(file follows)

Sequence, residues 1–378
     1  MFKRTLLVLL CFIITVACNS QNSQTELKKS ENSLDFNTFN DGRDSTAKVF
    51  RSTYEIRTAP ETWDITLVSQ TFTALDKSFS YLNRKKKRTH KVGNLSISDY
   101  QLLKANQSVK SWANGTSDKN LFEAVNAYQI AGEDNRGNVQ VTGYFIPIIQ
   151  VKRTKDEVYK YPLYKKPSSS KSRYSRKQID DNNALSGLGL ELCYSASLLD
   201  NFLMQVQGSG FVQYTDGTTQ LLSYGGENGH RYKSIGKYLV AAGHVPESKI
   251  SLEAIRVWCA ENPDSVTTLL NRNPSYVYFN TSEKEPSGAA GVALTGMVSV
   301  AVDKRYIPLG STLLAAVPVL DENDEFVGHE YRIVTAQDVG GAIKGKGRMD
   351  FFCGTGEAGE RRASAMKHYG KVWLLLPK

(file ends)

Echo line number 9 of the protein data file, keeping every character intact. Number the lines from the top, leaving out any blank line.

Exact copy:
   351  FFCGTGEAGE RRASAMKHYG KVWLLLPK